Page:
Friday, June 24, 2016


Roland Emmerich’s 1996 box office smash/alien-invasion film INDEPENDENCE DAY sent audiences soaring by way of unabashed patriotism, spectacular spectacle, and simple storytelling which utilized classic and proven archetypes which were understandable and relatable. The film altered the modern blockbuster to this day, and its long awaited follow-up, sub-titled RESURGENCE, seems to have no interest in repeating its past.

Twenty years after the events of the first film, the nations of the Earth have recovered and united to create the Earth Space Defense, led by David Levinson (Jeff Goldblum), which uses the technology from the defeated aliens to build spaceships and big-ass spaceguns to defend the plant. But the aliens return, this time with a 3,000-mile wide ship which is built to extract the Earth’s core. Stepping up to defend the Earth again are former President Whitmore (Bill Pullman), his daughter Patricia (Maika Monroe), and two ace space-fighter pilots; Jake (Liam Hemsworth), and Dylan (Jessie Usher)…who is the son of Capt. Steven Hiller (the hero of the first film, played by Will Smith).

RESURGENCE starts off very promising. The early moments are a fascinating look at a changed planet Earth with its new technology, along with establishing some interesting character traits with the old and new cast. Most of the characters have some residual effects from the events of the first film and are still dealing with them, and the stage is set for a galactic showdown once the big bad aliens show up again.

The film then begins introducing a hodgepodge of sci-fi elements, including a new alien species (represented by a weird talking orb), an alien prison, and the psychic connection some humans still have with the aliens. A lot of different elements are being thrown around, which leaves the overstuffed cast in the dust. Characters suddenly come second (or last), as most of their early threads are quickly discarded. RESURGENCE is a plot-heavy film where characters have no real impact on anything, and with that being the M.O., the film feels very lifeless with no real moral center. Emmerich in fact seems to hate every one of his characters. Some returning cast members are killed off for no reason at all, while the surviving ones do little but stand around with their mouths open.

The script takes a ton of liberties to keep the story going, including ret-conning a few things from the original film (a massive ship landed 20 years ago which no one ever detected, and a character thought dead was simply in a coma. Just two of many stupid-shit moments), and with so much plot and moving things around, RESURGENCE has a surprisingly bland feel to it. The film is a grind to sit through, and even when the action does begin it’s boring…which is an absolute sin for an alien-invasion war movie. The CGI is stunning in some places, completely awful in others (including a terrible looking final shot using the shittiest green-screen effect of all time), and the film has a completely fake look to it which borders on a parody. David Arnold’s magnificent score from the first film is replaced by a generic video game-like score, which adds to the blandness of the experience.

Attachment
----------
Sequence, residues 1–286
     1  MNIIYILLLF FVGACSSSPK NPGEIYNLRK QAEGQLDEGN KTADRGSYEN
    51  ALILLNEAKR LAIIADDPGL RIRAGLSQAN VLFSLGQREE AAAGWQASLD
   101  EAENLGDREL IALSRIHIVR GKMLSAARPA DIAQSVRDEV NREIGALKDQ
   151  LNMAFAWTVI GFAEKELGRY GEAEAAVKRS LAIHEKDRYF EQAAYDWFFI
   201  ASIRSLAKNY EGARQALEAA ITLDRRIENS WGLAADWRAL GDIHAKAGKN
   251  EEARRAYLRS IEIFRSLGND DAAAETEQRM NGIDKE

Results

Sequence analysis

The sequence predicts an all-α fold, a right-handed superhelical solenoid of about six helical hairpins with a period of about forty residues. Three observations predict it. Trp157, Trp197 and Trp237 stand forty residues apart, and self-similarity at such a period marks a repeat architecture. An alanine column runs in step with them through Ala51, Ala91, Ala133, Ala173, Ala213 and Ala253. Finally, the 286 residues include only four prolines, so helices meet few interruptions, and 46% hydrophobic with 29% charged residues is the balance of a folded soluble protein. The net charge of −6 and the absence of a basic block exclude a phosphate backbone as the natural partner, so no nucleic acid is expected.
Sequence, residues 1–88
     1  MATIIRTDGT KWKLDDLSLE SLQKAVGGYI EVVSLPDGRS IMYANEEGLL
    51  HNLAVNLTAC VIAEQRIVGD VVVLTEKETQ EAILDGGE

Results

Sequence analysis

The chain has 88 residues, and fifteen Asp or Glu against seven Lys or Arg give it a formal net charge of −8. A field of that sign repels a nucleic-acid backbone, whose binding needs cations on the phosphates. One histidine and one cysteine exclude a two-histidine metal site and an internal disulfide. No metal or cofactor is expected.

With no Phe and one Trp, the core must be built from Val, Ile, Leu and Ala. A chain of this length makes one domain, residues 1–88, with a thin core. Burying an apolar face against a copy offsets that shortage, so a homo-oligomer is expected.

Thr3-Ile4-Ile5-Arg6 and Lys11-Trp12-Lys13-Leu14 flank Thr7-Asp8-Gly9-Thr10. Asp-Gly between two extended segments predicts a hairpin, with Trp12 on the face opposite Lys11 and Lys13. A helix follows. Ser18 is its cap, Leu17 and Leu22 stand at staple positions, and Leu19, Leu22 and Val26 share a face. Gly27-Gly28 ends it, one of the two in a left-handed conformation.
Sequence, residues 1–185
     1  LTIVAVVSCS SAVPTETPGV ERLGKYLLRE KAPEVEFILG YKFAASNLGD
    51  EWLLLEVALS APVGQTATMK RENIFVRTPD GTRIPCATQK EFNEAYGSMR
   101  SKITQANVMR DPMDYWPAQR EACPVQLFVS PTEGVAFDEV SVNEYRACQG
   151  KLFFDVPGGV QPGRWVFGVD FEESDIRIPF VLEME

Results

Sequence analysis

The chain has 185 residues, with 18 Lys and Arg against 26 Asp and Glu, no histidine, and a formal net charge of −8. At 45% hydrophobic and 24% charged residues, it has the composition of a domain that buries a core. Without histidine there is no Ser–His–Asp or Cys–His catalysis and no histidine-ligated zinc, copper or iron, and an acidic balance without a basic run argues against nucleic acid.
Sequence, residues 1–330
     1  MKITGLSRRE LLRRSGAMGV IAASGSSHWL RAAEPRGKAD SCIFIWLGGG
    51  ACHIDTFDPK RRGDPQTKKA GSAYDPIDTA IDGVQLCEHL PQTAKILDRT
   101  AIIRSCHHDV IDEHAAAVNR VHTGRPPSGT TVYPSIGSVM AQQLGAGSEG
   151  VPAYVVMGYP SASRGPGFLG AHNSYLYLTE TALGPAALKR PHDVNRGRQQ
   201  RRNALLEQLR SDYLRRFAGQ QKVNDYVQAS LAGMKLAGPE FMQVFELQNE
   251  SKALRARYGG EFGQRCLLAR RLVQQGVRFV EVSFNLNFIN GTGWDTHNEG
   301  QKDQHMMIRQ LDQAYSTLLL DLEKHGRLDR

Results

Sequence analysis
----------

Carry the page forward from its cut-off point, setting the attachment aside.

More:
The goddamn 3D is total shit.

Acting is a mixed bag considering the cast. It’s a minor pleasure to see Jeff Goldblum, Bill Pullman, Brent Spiner, and Judd Hirsch step back into their old roles…and they do it with ease…but they all suffer from a script which doesn’t let them do much. Hirsch suffers the most as he serves no purpose in the movie whatsoever other than a few chuckles. The younger cast is flat-out terrible; Liam Hemsworth and Jessie Usher have all the charisma of a soiled diaper, and Maika Monroe seems lost. French actress Charlotte Gainsbourg feels way out of place, and William Fichtner is wasted. Brent Spiner is the only one who walks away unscathed. There are also a few surprise cameos which are a minor treat to see.

The finale consists of a large aerial-battle and a showdown with a queen-alien hundreds of feet tall (you read that right), and then settles into the most aggravating part of all…the realization that most of the time RESURGENCE spent with the goddamn talking orb was a complete waste as it played no part in the resolution at all, and is instead kicked down the field for an apparent sequel. It’s the lid on a smelly garbage can, and many unanswered questions within the film itself will have the stench leaking out anyway; not to mention that the entire film contradicts what the aliens were after in the first place in 1996. Roland Emmerich seems to have forgotten what made INDEPENDENCE DAY work so well, for its sequel is devoid of any of the old traits; fun, adventure, joy, laughs, or the slightest understanding of how to tell a story. It’s bad enough to make us wish the aliens had won in 1996.

BOTTOM LINE: Fuck it                                                           

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